Access to the U.S. market is a privilege, not a right. Visas, access to our world-class financial and legal systems, and even our airwaves are policed so that bad actors can’t, among other things, harm or undermine U.S. national security and interests. Just 90 miles away, one would think Socialist Cuba officials would understand this basic idea but, judging from the latest Havana volley, they don’t.
Likely concerned about the upcoming release of new U.S. sanctions regulations that may restrict travel and economic relations between Cuba and the United States, the Cuban government has released a 30-minute propaganda video related to a series of incidents that have resulted in permanent injuries to Americans station at the U.S. Embassy in Havana.
It is something out of the Cold War. An odd hodgepodge of dated B-roll narrated with images, including Cicadas, as well as interviews with “experts” claiming the incidents never happened.
For a government claiming acoustic weapons, or similar devices, that could cause brain trauma do not exist, the Cubans sure have a lot of experts commenting claiming to know how these non-existing devices would work if the devices did exist. At one point in the presentation the narrator suggests Cicadas are the culprits! Someone has a cruel sense of humor.
The video is nothing more than another piece of Cuba’s propaganda effort designed to distract interested parties from getting to the truth. They need to salvage as much of the Obama-era policy changes because, frankly, it means dollars and cents needed for regime succession.
During the course of the last few weeks, the Trump administration, working with the Congress, has unveiled a series of legislative strategies to counter Cuban security threats to Americans in Cuba and in the United States. More is likely in the offing.
Injuries sustained by American citizens on Cuban soil is no joke but it is clear from the video that someone, likely Raul Castro, has a perverse sense of humor. Victims of Cuban communism will see through the presentation as nothing more than a red herring timed for the winter travel season. They want Americans who are considering travel to Cuba to know that all is well in the Caribbean Potemkin.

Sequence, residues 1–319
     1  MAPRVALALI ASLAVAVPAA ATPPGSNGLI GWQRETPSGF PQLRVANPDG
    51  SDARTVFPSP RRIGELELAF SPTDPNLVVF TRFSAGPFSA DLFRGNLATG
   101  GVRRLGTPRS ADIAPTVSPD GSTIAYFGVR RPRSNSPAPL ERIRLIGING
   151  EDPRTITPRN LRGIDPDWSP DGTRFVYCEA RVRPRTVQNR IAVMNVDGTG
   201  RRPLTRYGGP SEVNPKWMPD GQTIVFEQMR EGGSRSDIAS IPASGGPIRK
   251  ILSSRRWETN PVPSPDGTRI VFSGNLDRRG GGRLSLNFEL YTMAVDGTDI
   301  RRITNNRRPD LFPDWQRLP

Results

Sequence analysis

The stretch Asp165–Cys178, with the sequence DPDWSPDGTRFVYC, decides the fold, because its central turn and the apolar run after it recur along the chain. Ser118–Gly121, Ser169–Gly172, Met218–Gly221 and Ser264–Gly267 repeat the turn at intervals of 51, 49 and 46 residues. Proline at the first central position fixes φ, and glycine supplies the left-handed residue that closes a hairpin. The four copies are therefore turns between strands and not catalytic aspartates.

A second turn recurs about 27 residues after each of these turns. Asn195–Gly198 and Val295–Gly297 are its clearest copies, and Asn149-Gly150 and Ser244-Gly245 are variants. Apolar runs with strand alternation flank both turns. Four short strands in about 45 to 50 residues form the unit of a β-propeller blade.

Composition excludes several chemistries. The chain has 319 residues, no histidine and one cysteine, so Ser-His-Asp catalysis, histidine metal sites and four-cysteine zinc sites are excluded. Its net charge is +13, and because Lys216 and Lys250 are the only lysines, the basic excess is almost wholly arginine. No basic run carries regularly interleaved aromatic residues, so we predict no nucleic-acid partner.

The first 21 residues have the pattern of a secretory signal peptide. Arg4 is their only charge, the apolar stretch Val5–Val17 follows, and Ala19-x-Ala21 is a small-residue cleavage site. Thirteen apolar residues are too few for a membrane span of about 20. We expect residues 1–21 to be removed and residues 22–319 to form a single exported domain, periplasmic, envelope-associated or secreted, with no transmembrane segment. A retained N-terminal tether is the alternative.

As part of the Obama administration rapprochement, Cuba was allowed to broadcast Cuban government programming, such as this video, in the United States. Just as president Trump expelled Cuban diplomats from Washington, D.C. to protest Cuba’s lack of cooperation, CUBAMAXTV programming access to U.S. cable providers should be temporarily suspended until this matter is satisfactory resolved.
Nothing, generally, happens in Cuba without Raul Castro and his senior leadership team knowing about it. Was it an acoustic attack? A listening operation gone bad? A combination of all that? Something else? Cuba claims it needs US cooperation, and not so ironically, access to U.S. intelligence and technology, to conduct a more fulsome investigation. That level of cooperation is earned, not freely given.
According to a colleague who analyzed the video, the Cubans discuss, at the video timestamp 16:05, the number of diplomatic visas that the State Department had requested from the Cubans to staff Post Havana. There is a list of names in that video that my colleague claims are Americans who worked at Post Havana. If true, that is a really odd way to earn trust, violating the privacy of American citizens. How did they get those names? Who are they? Why publish them surreptitiously?
Frankly, we may never know, but Cuba must be held to account for failing to keep Americans safe in Cuba or, more likely, for engaging in a series of failed monitoring and pressure operations targeting Americans stationed at the embassy.